Dr. Merenstein replied:

"The thought that light might be involved in ROP is not a new one. [fluorescent lights] were studied in several studies then that showed no correlation, and a study just published in June [1989] again looked at it and could find no direct cause ...."

Mr. Aleff countered that the studies showing lights were safe all suffered from the same basic flaw: that the babies were protected only after the first day of their life, and it is sufficient to expose them to fluorescent lights for less than three hours to give them more than 19 times the dose of light that is considered as the danger limit for industrial workers.

Asked what he would have hospitals do, Mr. Aleff said,

"Replace fluorescent lights with incandescent light. ... whenever there is no need for bright lighting to do an examination, then turn them down with a dimmer switch."

Dr. Merenstein then cautioned,

"Anytime we do anything different in the nursery we have to be very careful. ... Premature babies are very, very complex, and simple changes should not be introduced without studying them very carefully. Even something as simple as keeping the lights very low may have an adverse effect that we are not aware of."

Replied Mr. Aleff,

"I do not understand why Dr. Merenstein feels there is a great need for study for switching off the lights when there was no study whatsoever for putting the lights in there in the first place."

A Pediatric Ophthalmologist Comments

Anne Ballen, M.D., is a pediatric ophthalmologist in private practice in Miami, Florida. She is also the mother of two young children. Dr. Ballen had this to say about the lights controversy:

"I'd be interested to see the work Mr. Aleff has done. If limits to fluorescent light exposure by adults have been exceeded in the NICU then he certainly has a valid point."

But Dr. Ballen still questions why so many premature babies do well despite the lights.

"Why do so many prematures at high risk for ROP survive without damage? Oxygen does not seem to be a issue, but we can't be sure. We monitor blood levels from many parts of the circulation, such as central arterial, or radial from heel sticks, but we can't do retina-blood levels. There may be variabilities at the retinal level we can't see."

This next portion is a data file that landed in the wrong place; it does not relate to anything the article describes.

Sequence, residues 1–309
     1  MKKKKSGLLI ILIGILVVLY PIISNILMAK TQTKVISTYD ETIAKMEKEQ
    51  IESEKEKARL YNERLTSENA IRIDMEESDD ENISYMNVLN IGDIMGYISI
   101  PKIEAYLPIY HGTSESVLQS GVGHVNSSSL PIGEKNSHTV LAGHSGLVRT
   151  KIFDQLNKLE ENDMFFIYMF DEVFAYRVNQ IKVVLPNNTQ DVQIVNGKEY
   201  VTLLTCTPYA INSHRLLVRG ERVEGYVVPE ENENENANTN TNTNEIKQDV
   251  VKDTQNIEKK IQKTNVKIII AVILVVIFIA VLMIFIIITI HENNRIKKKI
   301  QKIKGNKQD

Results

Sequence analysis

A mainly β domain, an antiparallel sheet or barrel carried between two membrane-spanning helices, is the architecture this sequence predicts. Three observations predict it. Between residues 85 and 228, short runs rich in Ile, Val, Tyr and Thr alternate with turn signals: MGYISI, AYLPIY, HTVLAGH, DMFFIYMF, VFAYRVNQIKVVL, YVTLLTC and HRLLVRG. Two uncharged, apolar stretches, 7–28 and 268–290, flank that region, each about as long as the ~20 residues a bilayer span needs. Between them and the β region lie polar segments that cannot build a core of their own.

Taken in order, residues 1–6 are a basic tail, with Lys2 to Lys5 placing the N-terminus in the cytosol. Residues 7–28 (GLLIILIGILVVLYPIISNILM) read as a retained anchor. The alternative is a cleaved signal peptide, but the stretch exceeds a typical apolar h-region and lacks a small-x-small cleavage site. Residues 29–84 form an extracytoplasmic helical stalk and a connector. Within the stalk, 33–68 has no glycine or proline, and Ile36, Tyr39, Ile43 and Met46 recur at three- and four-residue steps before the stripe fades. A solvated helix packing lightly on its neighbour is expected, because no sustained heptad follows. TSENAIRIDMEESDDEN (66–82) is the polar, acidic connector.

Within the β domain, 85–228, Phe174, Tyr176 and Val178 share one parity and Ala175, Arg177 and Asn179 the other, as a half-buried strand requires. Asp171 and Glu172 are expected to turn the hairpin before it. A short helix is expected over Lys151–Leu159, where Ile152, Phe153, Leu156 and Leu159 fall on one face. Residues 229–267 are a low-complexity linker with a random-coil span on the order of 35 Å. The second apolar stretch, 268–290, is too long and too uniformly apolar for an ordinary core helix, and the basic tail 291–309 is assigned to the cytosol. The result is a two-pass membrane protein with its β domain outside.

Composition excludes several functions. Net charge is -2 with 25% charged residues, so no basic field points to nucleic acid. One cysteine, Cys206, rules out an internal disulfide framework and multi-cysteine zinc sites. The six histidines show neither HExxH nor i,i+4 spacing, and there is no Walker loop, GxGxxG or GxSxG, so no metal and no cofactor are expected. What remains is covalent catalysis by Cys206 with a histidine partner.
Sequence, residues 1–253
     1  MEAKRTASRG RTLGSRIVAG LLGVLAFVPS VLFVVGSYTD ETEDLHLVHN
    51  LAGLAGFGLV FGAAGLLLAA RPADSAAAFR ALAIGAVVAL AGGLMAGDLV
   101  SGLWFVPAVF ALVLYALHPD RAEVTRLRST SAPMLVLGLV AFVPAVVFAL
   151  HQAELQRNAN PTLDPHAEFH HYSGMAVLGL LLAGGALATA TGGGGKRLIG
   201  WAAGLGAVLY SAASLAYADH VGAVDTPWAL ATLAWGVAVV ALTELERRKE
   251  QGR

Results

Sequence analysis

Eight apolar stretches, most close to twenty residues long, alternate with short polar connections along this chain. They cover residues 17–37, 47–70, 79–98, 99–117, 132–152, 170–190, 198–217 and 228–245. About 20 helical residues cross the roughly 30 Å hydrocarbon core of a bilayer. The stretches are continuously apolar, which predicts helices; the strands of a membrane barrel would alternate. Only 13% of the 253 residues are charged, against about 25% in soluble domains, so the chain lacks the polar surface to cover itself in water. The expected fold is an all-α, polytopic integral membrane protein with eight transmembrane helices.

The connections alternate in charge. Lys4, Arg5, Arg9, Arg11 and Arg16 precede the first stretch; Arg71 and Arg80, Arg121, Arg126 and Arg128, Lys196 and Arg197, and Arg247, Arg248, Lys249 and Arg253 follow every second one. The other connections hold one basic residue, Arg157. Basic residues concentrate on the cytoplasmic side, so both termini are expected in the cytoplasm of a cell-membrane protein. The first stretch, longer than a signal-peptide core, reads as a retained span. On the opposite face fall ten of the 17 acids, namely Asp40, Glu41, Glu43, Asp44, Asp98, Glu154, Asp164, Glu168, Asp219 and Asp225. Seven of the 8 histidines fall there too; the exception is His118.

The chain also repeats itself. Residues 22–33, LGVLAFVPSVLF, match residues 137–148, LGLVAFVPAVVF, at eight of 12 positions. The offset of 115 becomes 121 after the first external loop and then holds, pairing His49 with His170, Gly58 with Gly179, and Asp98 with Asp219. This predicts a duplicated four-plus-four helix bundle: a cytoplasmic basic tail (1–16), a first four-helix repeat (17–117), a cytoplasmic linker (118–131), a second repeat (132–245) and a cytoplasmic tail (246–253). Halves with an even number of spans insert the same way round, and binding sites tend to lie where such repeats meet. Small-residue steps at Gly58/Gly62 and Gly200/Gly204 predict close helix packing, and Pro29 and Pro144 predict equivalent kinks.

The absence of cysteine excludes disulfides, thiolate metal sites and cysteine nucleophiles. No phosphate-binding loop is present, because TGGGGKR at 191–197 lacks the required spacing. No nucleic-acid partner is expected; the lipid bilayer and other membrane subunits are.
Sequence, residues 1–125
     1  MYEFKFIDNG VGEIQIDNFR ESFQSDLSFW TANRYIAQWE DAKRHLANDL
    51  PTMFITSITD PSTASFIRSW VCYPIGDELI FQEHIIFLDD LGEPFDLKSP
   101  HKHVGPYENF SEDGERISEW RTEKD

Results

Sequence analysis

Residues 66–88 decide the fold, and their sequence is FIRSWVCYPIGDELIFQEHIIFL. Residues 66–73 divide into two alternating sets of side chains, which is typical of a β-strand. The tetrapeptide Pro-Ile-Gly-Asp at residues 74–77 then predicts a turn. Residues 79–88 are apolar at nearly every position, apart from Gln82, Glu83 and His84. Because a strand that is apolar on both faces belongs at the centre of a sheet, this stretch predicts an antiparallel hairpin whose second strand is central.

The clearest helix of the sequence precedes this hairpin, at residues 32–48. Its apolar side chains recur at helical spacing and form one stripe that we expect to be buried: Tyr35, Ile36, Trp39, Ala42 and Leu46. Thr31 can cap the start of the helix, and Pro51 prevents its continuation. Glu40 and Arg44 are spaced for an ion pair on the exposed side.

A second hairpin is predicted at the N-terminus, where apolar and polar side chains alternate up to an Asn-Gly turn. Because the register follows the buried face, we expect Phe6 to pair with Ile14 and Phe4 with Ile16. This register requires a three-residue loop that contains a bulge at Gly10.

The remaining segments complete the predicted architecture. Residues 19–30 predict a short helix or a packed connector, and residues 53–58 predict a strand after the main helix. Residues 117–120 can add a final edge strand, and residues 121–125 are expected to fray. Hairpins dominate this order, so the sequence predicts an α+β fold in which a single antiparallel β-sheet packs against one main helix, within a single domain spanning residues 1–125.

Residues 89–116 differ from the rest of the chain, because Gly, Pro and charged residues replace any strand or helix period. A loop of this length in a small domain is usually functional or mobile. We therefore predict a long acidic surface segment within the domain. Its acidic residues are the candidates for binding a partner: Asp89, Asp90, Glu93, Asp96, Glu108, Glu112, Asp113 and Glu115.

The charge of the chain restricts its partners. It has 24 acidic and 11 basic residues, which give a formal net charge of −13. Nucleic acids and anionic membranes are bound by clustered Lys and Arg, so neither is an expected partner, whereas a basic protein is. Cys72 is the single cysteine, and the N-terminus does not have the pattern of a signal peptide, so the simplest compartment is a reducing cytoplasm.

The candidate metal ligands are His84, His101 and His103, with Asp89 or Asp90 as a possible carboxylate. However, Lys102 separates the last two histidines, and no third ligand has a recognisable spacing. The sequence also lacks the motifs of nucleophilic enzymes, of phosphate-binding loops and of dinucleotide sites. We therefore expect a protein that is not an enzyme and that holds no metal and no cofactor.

When asked what she would do about lighting if she had a premature baby in an NICU, Dr. Ballen sighed.

"I like to think I'd do whatever the doctors told me," she said. "But you think differently as a mother than as a physician.  I might try to fashion some kind of sunglasses for my baby or other type of protection. I would ask for lights to be turned down at nighttime."

Apparently other doctors feel the same way, although they don't say it aloud.

"I know a neonatologist who says he doesnt believe light has anything to do with ROP," said Dr. Ballen. "But despite his philosophy, on a gut level he must believe there may be a connection, because I've seen him put a towel over babies' eyes."

But what of babies who have no one to protect them from the possibly harmful lights? Dr. Ballen paused, and then said,

"I have no answer except to hang my head in shame. At this point, having looked at the information, I will start to agitate in NICUs about the issue. I'll talk to neonatologists I know and see what can be done."

Peter Aleff has a final comment on the controversy:

"How many doctors will it take to change the lightbulbs in the intensive care nurseries? If they continue so irrationally to deny the evidence that the present lighting hurts the babies, it will probably take a lawyer to tell them to change those lightbulbs."


The above article by Ronnie Londner was published in the Prematurity Column of Twins Magazine, Spring 1990.

Read more press coverage:

 Newsweek     Parade Magazine    Aesclepius  

People's Medical Society      New York Times
The Catholic Herald

View also the transcripts of TV shows:

  • a discussion on "Good Morning America" about  "Blinding preemies by excess nursery light"

  • the Canadian Broadcasting Corporation's
    "Market Place" program on 
    "Babies and Blindness"

  • a "USA Today" show on "Preemies going blind"